P.S.: The story Lajwanti is a masterpiece. What I have presented is only a small section of the story.

B=(Motor) Bikes=Bookish Confession#2

I am running so late today that I almost missed the post. So, for alphabet B, I want to talk about bikes and books and perhaps the general perception of the bikes. I know bike is a word which encompasses a lot of things, but I am going to talk about motor cycle today, which in India is also termed as bike.

SONY DSC

The bike is such a quintessential thing in the novels. If you look at YA, bike either means biker gangs or the bad boys. If we take a look at romance, bike again is shown as the indication of the bad boys. Move on to serious topics, and there you will find bike associated with criminals or police. That is what the identity of bike is.

I am yet to come across the book which uses bikes as bikes–the means of transportation. In my city and country, the bikes do not necessarily mean bad boys. I mean yes, we are all told about bumps and jumps on the roads when on bike etc., and those tricks are common here too, but bike here is more a mean of transportation. It is a way to reach from one place to another.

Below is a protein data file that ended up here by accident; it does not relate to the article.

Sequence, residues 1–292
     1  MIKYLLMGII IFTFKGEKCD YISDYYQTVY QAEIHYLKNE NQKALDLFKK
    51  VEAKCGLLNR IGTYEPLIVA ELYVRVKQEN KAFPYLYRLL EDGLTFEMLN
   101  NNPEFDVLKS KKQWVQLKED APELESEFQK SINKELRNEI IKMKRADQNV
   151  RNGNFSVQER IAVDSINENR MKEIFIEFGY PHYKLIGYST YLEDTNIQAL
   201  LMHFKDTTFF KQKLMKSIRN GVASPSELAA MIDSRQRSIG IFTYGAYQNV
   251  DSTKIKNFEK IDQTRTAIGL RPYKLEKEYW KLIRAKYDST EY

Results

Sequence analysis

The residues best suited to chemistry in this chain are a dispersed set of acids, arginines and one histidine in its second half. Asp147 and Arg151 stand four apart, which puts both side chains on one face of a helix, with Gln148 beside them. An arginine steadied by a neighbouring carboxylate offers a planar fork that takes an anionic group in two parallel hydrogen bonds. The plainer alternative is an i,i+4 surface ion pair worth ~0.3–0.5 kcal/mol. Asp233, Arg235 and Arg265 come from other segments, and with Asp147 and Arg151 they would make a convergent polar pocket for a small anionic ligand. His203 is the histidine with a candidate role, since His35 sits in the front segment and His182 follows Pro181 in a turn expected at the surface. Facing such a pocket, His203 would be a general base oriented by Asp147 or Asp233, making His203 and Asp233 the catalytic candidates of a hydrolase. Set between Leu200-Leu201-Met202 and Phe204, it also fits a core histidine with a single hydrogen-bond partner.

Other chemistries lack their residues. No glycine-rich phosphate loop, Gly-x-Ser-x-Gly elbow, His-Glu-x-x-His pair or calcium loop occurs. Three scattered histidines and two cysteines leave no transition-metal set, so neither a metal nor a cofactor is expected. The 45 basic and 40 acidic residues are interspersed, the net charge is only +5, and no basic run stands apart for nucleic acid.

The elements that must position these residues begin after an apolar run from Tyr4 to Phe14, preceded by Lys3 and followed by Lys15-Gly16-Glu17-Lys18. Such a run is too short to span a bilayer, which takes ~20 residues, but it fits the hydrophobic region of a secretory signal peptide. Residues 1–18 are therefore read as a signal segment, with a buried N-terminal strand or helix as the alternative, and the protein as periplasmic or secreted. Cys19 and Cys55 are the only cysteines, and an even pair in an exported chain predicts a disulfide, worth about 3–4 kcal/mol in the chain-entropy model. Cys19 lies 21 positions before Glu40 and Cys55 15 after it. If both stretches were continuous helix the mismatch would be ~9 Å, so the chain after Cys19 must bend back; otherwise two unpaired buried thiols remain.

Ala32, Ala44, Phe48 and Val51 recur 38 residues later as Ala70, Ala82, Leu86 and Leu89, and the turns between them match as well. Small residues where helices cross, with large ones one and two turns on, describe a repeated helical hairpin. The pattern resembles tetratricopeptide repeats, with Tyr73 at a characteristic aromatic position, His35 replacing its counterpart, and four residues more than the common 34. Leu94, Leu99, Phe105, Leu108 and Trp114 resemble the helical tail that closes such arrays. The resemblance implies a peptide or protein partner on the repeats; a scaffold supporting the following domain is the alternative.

I have no idea how it became a cult kind of thing or how it achieved this status of being a symbol of “bad boys” and “criminals” or even adventure. I spent three years of my life traveling pillion on the bike, and I do not see the bikes as good or bad. They are not glamorous as they are showcased on the movie(they are back-breaking for long journeys!). they are not comfortable, and they are not only owned by the bad boys. So this story of bike being a warning sign is still a mystery to me: one I will never be able to unravel.